What is obscured, however, is that this phrase, nephesh chayim has already occurred three times (Gen 1:20, 24, 30) in the creation account and will occur once more (Gen 2:19). In each of these occurrences, animals are the reference. However, rather than showing continuity in our translations, the major translations translate nephesh chayim as living creature(s). (Actually, the ESV does show continuity by translating the description of man as a living creature in Gen 2:7.)

So, what is the distinction between man and animal? Is it nephesh (soul)? No, not according to Genesis. Is it intelligence? In degree only, because monkeys have shown the ability to learn language and many animals including rats and birds demonstrate remarkable problem-solving abilities. Is it emotion? No, animals are clearly emotional creatures demonstrating happiness, sadness, depression, fear, and love (?). Is it sentience (consciousness or perception)? No, animals clearly prefer to live and avoid pain. In the face of the predator, prey either flee, fight, or organize to protect themselves and their kind. Is it relationships or social networks? No, just watch Meerkat Manor on Animal Planet.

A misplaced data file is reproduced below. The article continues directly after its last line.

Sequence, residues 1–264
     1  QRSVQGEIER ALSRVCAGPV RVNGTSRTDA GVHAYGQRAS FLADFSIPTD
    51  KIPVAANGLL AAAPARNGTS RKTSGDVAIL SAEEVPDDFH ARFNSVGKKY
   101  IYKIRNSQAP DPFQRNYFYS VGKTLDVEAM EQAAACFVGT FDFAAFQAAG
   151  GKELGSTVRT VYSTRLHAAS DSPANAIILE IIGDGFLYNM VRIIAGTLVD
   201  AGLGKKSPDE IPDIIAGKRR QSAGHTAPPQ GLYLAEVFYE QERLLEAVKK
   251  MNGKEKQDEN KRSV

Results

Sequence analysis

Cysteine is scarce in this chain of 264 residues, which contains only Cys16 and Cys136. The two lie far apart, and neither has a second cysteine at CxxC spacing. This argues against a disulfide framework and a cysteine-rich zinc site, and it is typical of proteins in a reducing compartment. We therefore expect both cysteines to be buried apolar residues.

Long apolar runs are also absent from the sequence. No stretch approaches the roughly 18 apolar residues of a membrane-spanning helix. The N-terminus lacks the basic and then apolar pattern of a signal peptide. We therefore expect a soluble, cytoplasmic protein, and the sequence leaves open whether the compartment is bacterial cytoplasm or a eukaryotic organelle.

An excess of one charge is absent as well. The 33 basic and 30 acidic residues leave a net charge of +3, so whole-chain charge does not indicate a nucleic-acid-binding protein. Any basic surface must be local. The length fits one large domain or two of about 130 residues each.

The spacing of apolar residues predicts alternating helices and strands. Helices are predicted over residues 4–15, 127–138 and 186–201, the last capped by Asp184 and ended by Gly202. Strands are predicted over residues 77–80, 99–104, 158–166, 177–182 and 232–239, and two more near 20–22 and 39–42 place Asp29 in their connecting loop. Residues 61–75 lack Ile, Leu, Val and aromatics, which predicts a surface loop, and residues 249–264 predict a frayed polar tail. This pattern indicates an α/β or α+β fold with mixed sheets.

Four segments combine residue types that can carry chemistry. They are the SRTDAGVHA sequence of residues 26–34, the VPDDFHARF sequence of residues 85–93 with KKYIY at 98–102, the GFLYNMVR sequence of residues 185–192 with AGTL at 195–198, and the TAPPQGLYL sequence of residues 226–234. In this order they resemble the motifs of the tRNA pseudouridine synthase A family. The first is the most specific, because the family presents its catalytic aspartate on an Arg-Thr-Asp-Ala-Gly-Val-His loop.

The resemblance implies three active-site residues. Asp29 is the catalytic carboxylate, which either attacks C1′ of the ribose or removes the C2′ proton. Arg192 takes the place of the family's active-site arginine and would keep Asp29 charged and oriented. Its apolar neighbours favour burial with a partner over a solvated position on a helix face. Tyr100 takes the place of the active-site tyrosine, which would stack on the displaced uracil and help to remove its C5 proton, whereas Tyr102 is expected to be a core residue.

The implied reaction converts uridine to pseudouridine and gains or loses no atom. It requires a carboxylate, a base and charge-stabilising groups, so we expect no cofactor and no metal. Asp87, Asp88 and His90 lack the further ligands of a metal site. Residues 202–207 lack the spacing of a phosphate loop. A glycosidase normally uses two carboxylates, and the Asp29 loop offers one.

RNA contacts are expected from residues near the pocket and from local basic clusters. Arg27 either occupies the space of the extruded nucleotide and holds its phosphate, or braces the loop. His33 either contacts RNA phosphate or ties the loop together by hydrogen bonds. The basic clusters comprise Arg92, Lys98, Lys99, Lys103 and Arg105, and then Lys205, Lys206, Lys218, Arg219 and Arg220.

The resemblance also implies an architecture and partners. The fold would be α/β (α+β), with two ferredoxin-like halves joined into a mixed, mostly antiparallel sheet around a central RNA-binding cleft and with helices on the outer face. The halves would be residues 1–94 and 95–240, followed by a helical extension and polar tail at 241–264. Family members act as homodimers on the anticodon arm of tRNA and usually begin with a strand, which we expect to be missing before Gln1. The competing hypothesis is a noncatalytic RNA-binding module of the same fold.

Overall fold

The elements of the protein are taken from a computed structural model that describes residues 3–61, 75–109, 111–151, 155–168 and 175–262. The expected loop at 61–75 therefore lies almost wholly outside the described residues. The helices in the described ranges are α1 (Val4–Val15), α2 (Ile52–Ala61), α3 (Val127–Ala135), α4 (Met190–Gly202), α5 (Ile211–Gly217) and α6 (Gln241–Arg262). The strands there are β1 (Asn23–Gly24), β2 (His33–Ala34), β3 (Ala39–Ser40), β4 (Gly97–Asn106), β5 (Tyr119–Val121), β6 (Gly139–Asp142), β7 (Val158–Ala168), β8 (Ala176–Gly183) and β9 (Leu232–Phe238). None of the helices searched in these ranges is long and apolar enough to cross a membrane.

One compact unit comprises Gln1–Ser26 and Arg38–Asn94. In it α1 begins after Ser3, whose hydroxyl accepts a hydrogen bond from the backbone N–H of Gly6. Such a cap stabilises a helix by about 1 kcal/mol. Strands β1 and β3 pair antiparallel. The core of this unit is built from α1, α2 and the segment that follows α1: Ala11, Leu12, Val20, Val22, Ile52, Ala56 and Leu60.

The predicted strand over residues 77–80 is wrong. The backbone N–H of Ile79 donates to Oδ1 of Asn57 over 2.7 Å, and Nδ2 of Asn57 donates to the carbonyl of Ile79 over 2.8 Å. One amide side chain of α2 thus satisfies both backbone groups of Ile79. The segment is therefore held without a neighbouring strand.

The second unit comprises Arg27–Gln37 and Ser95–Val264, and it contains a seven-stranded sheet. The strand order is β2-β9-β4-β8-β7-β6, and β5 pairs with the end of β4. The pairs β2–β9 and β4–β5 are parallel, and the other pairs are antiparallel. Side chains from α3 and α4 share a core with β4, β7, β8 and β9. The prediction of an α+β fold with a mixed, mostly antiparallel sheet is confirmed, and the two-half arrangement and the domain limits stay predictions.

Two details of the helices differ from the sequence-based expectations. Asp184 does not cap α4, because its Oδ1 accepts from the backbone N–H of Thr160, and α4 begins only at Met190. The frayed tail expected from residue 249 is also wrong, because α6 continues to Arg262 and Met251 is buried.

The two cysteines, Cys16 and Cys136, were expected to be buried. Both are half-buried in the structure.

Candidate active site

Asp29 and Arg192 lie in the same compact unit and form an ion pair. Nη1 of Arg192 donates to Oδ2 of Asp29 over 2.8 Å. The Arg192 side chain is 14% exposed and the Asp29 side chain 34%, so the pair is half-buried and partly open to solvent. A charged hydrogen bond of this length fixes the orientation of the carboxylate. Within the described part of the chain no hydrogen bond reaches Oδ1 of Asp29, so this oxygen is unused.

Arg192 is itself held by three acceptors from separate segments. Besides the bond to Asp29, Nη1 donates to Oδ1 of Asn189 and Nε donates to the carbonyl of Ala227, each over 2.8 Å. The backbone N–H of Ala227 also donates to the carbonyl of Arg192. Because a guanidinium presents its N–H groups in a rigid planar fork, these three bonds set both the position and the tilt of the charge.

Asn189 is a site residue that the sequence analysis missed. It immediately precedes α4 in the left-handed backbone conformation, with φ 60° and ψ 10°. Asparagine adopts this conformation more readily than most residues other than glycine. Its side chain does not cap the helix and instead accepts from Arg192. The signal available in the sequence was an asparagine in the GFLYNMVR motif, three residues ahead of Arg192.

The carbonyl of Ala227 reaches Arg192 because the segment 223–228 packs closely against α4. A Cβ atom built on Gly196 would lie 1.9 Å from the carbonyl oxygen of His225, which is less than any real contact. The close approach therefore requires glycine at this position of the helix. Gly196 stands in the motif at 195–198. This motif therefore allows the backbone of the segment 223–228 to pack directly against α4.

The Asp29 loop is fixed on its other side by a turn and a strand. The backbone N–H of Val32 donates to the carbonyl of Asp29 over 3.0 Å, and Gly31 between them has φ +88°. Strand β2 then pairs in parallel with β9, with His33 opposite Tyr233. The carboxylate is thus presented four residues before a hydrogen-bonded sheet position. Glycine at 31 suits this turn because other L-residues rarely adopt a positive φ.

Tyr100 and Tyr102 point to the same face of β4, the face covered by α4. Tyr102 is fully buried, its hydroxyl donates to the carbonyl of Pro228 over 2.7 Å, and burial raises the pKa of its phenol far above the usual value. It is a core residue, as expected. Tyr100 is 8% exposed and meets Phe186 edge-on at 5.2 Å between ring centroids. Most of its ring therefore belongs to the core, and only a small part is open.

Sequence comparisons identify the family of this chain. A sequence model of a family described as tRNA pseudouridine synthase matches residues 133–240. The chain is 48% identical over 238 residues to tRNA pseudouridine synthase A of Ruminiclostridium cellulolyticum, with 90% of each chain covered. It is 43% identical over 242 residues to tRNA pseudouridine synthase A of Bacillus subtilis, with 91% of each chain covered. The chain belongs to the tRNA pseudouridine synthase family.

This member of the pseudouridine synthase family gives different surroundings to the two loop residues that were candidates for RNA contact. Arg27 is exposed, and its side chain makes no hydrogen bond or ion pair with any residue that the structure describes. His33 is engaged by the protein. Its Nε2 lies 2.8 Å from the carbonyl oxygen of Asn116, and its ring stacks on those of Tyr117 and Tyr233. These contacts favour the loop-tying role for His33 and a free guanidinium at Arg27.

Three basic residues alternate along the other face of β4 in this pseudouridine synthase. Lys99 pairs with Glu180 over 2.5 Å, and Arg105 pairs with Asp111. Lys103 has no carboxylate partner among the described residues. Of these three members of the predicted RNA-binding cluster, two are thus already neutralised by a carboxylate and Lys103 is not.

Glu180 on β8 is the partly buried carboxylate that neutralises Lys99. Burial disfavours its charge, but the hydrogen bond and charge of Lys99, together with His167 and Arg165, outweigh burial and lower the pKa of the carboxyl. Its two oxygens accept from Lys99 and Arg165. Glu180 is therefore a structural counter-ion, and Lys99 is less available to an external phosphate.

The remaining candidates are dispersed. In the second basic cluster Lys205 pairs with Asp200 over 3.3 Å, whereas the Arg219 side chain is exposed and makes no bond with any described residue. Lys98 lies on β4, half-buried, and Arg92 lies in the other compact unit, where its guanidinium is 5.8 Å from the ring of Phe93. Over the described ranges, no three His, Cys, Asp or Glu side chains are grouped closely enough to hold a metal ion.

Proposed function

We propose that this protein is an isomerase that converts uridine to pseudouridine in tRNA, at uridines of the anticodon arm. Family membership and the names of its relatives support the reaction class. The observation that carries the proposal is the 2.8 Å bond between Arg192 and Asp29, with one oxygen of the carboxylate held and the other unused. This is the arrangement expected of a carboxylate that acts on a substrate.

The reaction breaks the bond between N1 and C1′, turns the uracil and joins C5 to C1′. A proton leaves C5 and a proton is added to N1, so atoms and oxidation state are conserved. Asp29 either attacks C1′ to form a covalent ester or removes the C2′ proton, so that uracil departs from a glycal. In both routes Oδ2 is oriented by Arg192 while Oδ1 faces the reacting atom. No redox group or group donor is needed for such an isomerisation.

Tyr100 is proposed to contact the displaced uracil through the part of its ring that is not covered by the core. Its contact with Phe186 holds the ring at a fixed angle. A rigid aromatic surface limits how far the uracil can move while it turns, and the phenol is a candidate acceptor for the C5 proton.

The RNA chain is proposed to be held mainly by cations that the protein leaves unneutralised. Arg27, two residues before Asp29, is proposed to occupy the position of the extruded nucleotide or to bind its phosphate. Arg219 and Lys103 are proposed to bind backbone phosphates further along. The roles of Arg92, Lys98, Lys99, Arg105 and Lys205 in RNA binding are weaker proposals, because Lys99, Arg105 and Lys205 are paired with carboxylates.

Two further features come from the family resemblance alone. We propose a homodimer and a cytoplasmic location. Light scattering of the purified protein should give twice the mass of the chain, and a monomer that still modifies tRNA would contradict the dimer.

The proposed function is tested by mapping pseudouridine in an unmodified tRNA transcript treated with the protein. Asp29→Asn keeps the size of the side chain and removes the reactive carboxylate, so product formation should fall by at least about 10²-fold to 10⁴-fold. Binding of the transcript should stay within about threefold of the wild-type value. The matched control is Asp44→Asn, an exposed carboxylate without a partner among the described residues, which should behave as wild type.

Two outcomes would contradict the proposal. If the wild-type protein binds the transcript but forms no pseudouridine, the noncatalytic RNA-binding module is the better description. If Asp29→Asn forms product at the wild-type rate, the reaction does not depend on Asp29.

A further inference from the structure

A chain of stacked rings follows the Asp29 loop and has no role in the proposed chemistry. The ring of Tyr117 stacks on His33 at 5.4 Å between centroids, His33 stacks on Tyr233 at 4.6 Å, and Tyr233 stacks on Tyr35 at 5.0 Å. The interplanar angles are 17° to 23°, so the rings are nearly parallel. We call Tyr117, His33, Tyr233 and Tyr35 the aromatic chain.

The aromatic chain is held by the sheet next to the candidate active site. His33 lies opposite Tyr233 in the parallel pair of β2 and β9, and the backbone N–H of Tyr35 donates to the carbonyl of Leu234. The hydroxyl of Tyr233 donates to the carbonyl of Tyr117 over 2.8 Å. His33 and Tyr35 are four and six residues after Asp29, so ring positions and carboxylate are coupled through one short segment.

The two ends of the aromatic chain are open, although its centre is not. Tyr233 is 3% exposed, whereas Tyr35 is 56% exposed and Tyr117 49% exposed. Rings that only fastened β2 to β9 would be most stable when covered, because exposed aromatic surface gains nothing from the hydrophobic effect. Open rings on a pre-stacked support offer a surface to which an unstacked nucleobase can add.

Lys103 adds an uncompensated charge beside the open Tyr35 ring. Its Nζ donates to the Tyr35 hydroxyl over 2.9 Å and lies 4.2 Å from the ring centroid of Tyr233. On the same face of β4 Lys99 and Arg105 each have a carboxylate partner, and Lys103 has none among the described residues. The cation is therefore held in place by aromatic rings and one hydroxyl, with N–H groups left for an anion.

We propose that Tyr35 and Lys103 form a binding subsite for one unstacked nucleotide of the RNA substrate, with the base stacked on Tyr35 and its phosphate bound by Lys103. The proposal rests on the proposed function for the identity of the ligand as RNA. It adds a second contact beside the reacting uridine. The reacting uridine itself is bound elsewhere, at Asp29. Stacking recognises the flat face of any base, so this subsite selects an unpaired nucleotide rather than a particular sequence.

According to Genesis, the difference between humankind and the animal kingdom is the image of God, which bears with it a responsibility to reign over the other nephesh chayim (Gen 1:28) and cultivate the ground (Gen 2:5). The image of God, I believe, is to be a visible representation of God in the creation. This may include some abilities more advanced than animals, but many of these things are in degree only. Rather, the image of God seems to be a position in the created order—a responsibility. The sovereign God, grants a share of that sovereignty to humans. However, this reign is not an excuse to abuse, mistreat, and exploit the creation. If we are to reflect God in the world, one has to ask if we would want God exercise his over us in the same way we have exercised ours over animals (e.g., hunt us for sport, abuse us, subject us to deplorable conditions)?